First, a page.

Read-The-Label: Beauty So Clean Brush Cleanser

I was very curious about the Beauty So Clean Brush Cleanser, so I decided to take a look at the ingredient list:

Aqua, Alcohol, Sodium Laureth Sulfate, Cocamidopropyl Betain, Propylene Glycol, Cocamide DEA, Chamomilla Recutita (Matricaria) Flower Extract, Citrus Aurantifolia (Lime) Oil, Salix Alba (Willow) Bark Extract, Polysorbate 20, Disodium EDTA, Limonene, Diazolidinyl Urea, Iodopropynyl Butylcarbamate.

Aqua, or water, the main solvent.
Alcohol is the next in line. I’m worried about the amount of sanitizing this product does, since a percentage of 70% is required to kill any bacteria. Next up the list is Sodium Laureth Sulfate. This is quite an agressive cleanser. Since you use this cleanser only on your brushes, and not on your face, I see no problem with this.
Cocamidopropyl Betain is one of the milder cleansers. Next to the Sodium Laureth Sulfate, this looks a bit odd.
Propylene Glycol is a humectant.
Cocamide DEA helps to maintain the right pH, very important to preserve to product.
Chamomilla Recutita (Matricaria) Flower Extract conditions the bristles of your brush, while Citrus Aurantifolia (Lime) Oil and Salix Alba (Willow) Bark Extract is added for their scent and anti-microbial properties. Polysorbate 20 is an emulsifier and Disodium EDTA is a chelating agent. A chelating agent is a stabilizer that is used to prevent the ingredients from reacting with trace elements, mostly minerals in water. Unwanted product changes to the texture, odor and the consistency are reduced.

Limonene is a perfume compound that has to be listed separately because it is a known irritant.
Diazolidinyl Urea is a preservative which fights a broad range of bacteria, while Iodopropynyl Butylcarbamate fights a broad range of viruses.

Overall, this brush cleanser is a powerful mix of disinfecting agents and cleansers.

Until next time,

A-Closer-Look-At: Ethyl Alcohol aka Ethanol

Ethyl alcohol, also known as ethanolpure alcoholgrain alcohol, or drinking alcohol. In this article I will refer to it as ethanol, because that is the term I personally use the most.

I love, love, love to use ethanol in disinfection. I do a lab study and before and after, we have to clean/disinfect your work space. I usually spray some ethanol on the surface and wipe it off with a paper cloth. I have to wait a minute (or a few minutes if I used to much), during which time I get my supplies and voilà, a clean and sanitzed space. A tip: do wait at least 10 minutes before lighting any flame – not that I have any weird accidents with it, but just to be safe. I personally would recommend sanitizing with ethanol for non-plastic surfaces and testing a little patch before spraying it all over.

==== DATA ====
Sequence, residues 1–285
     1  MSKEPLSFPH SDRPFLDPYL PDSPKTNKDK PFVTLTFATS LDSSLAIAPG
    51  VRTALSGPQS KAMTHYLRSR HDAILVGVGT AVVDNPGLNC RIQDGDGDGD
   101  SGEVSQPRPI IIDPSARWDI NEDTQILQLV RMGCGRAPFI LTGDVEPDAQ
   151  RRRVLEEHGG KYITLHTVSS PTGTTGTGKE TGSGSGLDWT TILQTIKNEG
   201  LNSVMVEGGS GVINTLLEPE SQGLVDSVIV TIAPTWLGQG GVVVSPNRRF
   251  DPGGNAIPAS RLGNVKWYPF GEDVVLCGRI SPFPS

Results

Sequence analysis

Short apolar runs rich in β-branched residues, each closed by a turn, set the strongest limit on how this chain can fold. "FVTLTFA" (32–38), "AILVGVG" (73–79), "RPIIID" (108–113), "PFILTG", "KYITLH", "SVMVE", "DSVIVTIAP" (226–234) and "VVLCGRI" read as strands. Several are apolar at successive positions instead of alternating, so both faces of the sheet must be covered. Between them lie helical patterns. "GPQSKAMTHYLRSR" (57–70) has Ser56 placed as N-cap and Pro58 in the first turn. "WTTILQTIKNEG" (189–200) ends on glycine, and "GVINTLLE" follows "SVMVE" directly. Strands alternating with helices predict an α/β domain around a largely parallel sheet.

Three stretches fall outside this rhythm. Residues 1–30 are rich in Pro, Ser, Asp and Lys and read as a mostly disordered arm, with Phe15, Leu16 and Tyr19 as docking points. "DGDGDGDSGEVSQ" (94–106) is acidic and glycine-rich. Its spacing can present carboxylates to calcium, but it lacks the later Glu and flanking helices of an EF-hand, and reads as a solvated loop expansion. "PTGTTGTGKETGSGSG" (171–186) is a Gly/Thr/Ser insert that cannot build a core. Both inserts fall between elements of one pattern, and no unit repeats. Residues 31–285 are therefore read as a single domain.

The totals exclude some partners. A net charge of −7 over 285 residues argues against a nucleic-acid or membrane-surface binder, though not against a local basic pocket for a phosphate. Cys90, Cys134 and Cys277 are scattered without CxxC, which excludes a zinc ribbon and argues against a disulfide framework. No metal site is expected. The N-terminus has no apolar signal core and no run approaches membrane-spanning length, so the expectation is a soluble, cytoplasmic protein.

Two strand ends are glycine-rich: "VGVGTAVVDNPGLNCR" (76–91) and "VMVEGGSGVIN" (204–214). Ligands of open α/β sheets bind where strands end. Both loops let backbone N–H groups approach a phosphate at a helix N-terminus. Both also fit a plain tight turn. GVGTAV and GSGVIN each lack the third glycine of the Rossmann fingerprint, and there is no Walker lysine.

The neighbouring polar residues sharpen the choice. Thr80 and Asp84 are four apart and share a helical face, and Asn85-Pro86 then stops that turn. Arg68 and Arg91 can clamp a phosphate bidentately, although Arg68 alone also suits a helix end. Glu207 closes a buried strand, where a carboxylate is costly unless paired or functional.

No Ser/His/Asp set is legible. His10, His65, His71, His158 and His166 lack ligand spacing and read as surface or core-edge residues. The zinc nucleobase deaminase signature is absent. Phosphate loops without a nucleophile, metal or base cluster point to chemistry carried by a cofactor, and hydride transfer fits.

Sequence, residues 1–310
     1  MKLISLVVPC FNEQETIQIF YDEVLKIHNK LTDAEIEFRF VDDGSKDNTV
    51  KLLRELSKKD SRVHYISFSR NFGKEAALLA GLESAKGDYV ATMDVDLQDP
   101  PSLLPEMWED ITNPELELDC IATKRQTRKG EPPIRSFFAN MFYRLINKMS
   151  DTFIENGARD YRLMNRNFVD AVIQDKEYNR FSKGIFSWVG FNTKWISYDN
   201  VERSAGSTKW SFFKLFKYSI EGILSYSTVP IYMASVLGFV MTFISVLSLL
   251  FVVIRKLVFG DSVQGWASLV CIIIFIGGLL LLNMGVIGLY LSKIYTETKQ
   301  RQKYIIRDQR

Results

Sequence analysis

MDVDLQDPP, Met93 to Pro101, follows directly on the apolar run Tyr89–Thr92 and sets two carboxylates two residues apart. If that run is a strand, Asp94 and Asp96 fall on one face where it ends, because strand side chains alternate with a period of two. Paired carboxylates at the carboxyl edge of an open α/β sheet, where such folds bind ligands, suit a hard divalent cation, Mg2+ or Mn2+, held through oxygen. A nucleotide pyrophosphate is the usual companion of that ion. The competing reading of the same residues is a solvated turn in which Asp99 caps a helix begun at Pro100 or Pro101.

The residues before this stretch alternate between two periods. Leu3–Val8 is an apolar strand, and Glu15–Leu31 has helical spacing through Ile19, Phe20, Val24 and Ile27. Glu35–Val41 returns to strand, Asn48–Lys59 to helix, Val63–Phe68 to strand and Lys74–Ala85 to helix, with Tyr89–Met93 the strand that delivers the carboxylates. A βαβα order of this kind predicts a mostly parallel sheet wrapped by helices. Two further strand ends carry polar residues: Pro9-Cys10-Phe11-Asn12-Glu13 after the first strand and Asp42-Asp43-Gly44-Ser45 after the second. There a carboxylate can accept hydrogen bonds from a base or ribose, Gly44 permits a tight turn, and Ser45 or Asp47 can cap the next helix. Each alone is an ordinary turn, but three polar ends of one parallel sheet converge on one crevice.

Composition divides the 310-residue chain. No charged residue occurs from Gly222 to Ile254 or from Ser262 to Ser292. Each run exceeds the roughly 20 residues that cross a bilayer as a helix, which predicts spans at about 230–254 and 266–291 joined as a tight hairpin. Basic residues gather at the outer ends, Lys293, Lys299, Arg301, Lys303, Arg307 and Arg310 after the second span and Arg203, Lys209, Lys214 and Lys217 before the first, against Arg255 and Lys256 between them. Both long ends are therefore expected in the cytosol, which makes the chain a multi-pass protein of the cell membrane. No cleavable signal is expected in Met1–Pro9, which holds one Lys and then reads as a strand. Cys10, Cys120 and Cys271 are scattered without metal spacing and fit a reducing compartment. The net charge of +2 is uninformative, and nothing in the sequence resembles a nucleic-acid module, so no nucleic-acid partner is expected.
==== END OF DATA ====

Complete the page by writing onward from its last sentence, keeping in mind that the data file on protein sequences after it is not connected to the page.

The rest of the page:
Ethanol is made by the fermentation of sugar by bacteria or by the hydration of ethylene (the adding of a hydrogen atom). I know for sure that the ethanol used in beer is made by the fermentation of sugar. Actually, the reason why some beers are stronger than others, depends on the bacteria culture and the amount of sugar added. Until the sugar runs out, the bacteria produces ethanol, or until the amount of ethanol is too high for the bacteria to survive in.

Because of hydroxide (the oxygen and hydrogen atoms, the characterizing group of any alcohol), ethanol can form hydrogen bridges with water molecules, helping dissolve organic compounds, such as sugars or parts of the celwall of bacteria. If you want to sanitize, keep in mind that a concentration of 70% or higher is to be used. Below that concentration, the ethanol isn’t effective enough. So, disinfecting with beer (5-10%) or wine (15%) is not really smart. Absinthe (70%) and Neutral grain spirit (90%) are somewhat better, but it’s still better to use regular ethanol (available in 70% or 96%) which can be found at drugstores or pharmacies. I’m alo guessing that Absinthe and Grain spirit do not need any preservative.

Oh, and, according to my old chemisttry teacher, 100% pure alcohol is a myth. Even if you attempt (as a chemist) to obtain a mixture of 100%, pure alcohol, it will disintegrate. 96% is the highest concentration of ethanol possible.

Ethanol can also be found in skin care. If it’s at the top of an ingredien tlist, (as in the first 5 ingredients) it can irritate the skin, but if it’s at the end of an ingredient list, the concentration isn’t considered a problem. High concentrations of alcohol can be found in most products for oily or skin with acne. The alcohol dehydrates the skin, making the skin produce more sebum, causing it to become more oily and clog the pores even more.

To sum it all up, ethanol is great for sanitizing, but not so good for the skin. And if you want to use ethanol for sanitizing, a concentration of 70-96% works best.

Until next time,


Read-the-Label: Embryolisse Cleansing Bar

Last Friday, I looked at triticum vulgare or wheat kernel oil, which is a component of the Embryolisse Cleansing Bar, and I was curious how the bar could be made without soap.

Let me first explain what soap is. Soap is the salt of a fatty acid and is a member of the surfactants family.
Soap is made by treating vegetable of animal oils and fats (which contain three tails) with a stong base (such as sodiumhydroxide).
The saponification (I’m not making this up) takes place by hydrolyzing and breaking up the oils into seperate tails and then mixed with the base. During this proces, glycerine is produced as a by-product. The reason soaps cleanse, is that they have a polar, water-loving head that can dissolves dirt that is water-soluble. They also have an a-polar oil-loving tail, that dissolves dirt that is soluble in oil. The reason why soap makes your skin feel dry is because while it’s cleansing, it will also wash away the natural oils (or sebum) on your skin.